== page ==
When contemplating the inclusion of PwD, it’s crucial to assess our current progress toward creating a more equitable world. The United Nations Convention on the Rights of Persons with Disabilities (UNCRPD) was ratified in 2008, marking a significant milestone as disability considerations were notably absent from previous international human rights agreements. In comparison, the UN Convention on the Elimination of All Forms of Discrimination against Women was established in 1979, and more than four decades later, gender equity remains an ongoing challenge. Now, 14 years since the UNCRPD’s implementation, numerous advancements are still pending, waiting to be put into practice to enhance the lives, circumstances, and the overall inclusion of PwD, while also enriching the knowledge base within disability studies.

Most community members will have limited control or influence over the physical environment in their workplaces or places of study. We are not all architects or builders who can fix inaccessible steps. However, it’s important not to be disheartened by this limitation. As mentioned earlier, it’s the social dynamics that People with Disabilities (PwD) encounter, such as prevailing attitudes and misconceptions, that shape the extent of their exclusion or inclusion in society. Becoming more disability-aware and fostering understanding doesn’t require a comprehensive knowledge of every medical condition or disability type. Instead, it’s about cultivating an awareness of the physical and social environment, which enables you to identify and acknowledge the barriers that exist.

My top tips that individuals can implement for enhancing the inclusion of PwD: 1) Acknowledge that PwD are first and foremost individuals with emotions, aspirations, and life experiences. They are not objects of pity or charity, but rather individuals navigating real-life challenges and triumphs on a daily basis. 2) Recognise that PwD are the foremost authorities on their own lives. If you have questions, approach them with respect and inquire politely. Every person’s experience of disability is unique, and it’s essential not to make assumptions or speak on behalf of others. 3) Appreciate the value of the lived experiences of PwD. The diverse perspectives, values, and life experiences they bring to the table are constructive contributions to teams and the decision-making process.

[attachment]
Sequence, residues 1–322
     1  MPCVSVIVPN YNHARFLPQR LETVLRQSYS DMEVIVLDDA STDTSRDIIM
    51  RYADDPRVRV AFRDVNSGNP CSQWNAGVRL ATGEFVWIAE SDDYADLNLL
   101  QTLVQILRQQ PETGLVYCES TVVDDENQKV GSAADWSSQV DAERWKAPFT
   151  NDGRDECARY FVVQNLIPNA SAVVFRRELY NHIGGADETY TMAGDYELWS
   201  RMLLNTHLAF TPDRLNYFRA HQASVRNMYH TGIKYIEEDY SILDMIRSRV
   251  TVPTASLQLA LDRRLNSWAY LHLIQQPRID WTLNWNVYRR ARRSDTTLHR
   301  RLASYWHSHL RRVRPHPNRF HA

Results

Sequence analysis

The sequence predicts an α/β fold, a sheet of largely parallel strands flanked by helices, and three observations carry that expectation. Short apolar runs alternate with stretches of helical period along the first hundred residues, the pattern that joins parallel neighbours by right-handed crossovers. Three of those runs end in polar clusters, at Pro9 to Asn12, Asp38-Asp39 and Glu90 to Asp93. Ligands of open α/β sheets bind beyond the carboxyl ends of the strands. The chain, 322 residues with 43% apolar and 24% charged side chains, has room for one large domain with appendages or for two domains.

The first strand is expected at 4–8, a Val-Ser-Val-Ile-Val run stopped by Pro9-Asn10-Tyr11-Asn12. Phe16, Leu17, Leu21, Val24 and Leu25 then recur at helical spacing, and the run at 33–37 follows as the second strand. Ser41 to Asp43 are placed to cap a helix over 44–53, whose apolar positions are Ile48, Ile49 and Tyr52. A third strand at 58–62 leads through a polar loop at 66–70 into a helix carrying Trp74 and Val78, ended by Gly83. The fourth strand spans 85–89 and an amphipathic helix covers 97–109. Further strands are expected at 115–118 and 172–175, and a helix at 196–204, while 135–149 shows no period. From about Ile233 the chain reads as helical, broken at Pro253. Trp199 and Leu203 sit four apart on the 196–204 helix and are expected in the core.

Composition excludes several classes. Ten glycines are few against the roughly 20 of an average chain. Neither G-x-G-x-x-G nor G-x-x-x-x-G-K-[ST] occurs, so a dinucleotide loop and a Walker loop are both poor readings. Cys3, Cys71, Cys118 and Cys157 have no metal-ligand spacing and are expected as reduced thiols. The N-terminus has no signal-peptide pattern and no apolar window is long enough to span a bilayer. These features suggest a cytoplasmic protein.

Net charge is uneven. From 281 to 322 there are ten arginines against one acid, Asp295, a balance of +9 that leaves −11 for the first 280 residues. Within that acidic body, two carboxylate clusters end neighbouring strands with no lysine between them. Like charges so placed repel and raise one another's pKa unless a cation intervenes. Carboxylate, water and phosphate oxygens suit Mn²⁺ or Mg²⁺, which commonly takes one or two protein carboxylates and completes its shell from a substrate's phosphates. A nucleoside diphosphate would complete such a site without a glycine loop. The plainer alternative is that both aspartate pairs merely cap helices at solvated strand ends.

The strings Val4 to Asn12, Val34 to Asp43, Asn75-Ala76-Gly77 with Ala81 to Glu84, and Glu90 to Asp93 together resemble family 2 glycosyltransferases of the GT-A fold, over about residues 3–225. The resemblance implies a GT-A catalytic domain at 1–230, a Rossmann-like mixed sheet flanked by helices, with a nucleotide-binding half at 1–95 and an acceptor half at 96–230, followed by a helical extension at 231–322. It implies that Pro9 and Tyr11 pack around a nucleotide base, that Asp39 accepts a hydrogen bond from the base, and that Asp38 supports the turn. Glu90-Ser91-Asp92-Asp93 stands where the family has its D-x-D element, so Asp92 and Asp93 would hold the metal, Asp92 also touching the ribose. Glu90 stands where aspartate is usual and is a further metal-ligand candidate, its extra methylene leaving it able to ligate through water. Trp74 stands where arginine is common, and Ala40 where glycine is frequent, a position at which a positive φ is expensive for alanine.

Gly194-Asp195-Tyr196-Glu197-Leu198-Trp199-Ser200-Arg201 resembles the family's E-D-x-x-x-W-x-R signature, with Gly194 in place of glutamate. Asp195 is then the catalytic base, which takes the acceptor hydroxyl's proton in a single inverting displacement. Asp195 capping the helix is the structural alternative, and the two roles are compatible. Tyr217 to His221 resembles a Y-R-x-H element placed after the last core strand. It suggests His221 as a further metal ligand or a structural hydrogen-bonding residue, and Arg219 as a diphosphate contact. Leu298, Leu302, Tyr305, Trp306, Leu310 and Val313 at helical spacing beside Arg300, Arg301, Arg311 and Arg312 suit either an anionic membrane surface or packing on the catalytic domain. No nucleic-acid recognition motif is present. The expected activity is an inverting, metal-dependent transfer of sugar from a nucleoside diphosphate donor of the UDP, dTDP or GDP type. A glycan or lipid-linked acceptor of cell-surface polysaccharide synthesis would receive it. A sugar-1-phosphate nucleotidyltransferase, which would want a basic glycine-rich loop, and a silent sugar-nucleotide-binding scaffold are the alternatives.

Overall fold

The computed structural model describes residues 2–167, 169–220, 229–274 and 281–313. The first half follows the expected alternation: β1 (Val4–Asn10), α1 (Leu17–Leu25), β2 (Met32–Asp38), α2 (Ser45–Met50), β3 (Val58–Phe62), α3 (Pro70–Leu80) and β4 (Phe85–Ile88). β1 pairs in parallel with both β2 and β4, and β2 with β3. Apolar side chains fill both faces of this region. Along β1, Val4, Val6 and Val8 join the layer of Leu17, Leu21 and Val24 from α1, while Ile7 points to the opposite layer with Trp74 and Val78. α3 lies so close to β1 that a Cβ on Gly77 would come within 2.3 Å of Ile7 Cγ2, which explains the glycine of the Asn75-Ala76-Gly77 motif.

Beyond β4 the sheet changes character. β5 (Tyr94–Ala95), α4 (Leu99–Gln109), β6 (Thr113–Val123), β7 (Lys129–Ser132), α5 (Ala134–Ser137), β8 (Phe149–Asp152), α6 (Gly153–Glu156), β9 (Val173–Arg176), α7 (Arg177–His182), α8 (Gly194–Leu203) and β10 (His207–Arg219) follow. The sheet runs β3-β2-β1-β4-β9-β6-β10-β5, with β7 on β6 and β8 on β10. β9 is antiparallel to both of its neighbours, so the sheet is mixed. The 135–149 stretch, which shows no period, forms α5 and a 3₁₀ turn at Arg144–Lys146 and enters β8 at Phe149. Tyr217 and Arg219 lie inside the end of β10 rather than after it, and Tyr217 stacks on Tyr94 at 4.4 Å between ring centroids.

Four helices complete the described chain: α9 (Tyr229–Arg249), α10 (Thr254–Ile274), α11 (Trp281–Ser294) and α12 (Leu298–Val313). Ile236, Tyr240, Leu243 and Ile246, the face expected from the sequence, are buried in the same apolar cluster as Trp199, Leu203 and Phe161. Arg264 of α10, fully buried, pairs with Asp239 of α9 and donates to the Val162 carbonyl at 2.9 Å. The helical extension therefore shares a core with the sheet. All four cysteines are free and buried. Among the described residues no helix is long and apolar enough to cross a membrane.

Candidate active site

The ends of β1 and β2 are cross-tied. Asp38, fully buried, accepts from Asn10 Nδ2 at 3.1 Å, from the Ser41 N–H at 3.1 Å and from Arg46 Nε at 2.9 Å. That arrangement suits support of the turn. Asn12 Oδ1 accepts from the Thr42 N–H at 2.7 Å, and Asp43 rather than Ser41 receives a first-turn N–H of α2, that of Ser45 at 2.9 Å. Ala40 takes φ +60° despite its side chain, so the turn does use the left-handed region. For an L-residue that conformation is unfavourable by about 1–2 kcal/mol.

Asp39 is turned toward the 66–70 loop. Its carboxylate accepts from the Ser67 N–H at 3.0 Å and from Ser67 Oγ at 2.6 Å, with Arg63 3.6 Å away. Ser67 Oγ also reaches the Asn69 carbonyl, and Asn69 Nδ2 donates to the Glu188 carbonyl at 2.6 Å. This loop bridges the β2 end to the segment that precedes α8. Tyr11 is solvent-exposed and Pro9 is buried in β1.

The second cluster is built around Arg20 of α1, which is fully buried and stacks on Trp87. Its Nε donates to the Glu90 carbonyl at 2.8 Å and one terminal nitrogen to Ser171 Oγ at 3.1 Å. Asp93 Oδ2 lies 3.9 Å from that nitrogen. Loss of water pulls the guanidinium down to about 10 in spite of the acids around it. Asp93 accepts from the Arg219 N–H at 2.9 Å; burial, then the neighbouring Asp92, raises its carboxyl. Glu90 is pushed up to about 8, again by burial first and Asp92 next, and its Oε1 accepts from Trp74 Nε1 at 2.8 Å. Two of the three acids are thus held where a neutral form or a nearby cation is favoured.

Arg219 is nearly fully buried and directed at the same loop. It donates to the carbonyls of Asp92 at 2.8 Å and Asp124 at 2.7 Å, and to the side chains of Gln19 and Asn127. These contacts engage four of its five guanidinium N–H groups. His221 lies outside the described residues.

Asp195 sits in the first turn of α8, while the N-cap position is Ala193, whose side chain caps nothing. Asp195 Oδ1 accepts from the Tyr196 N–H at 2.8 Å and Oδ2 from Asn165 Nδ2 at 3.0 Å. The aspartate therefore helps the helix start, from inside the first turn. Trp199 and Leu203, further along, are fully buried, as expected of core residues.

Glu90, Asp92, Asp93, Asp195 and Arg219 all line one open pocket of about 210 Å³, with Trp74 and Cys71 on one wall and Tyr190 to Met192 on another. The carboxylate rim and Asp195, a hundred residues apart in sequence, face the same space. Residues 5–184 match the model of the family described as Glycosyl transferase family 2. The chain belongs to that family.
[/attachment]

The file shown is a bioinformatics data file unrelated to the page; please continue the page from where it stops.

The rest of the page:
IDPwD serves as a poignant reminder that the entire society reaps the rewards of embracing diversity. Consider the research and development (R&D) investments made in assistive technology, particularly predictive typing software for People with Disabilities, back in the early 1990s. These initial efforts paved the way for predictive text features on the brick phones of the 1990s through the 2010s. Subsequently, this technology evolved into voice-typing and voice-activated digital platforms, such as Siri and Alexa, which have now become ubiquitous. Today’s R&D efforts, centered around addressing challenges faced by People with Disabilities, will similarly contribute to the development of future consumer products, accessible to the wider public in around three decades. This underscores that progress in making the world more inclusive doesn’t solely benefit PwD; it’s a boon for society at large.


Tim Harte GAICD is the Victorian State Director for Physical Disability Australia, Chair of the Surf Coast Shire Council disability advisory committee, and a Chemistry Honours student at Deakin Universities Institute for Frontier Materials.

Photo Caption: Surf Coast Shire Council (SCSC) staff with members of the Councils’ All Abilities Advisory Committee (AAAC). Left-Right: Thomas Byrnes (AAAC Member), Tim Harte (AAAC Chair), Larry the therapy dog, Damian O’Brien (SCSC Youth Development Officer), Jennine Templar (SCSC staff), Sherridan Bourne (former SCSC Aged, Youth and Access coordinator), Cr Mike Bodsworth, Richard Porter (AAAC Member) & Abby Ellery (SCSC Aged, Youth and Access coordinator).

Congratulations to PDA’s elected Board Members.

Following Saturday’s PDA AGM, elections for the Board positions of TAS Director and VIC Director took place.

It is with great pleasure that we announce that Tim Harte (VIC Director) was re-elected to the position and also voted by the Executive to continue in his ancillary role of PDA Treasurer.

We also welcome Tammy Milne to the role of TAS Director and look forward to seeing both successful candidates’ continued commitments and successes in these roles over the next three years.

PDA holds its 2023 AGM

On Saturday 18th November, PDA held its 2023 Annual General Meeting, which was well attended and brought together our Board, Members and Ambassador, Dr Dinesh Palipana OAM.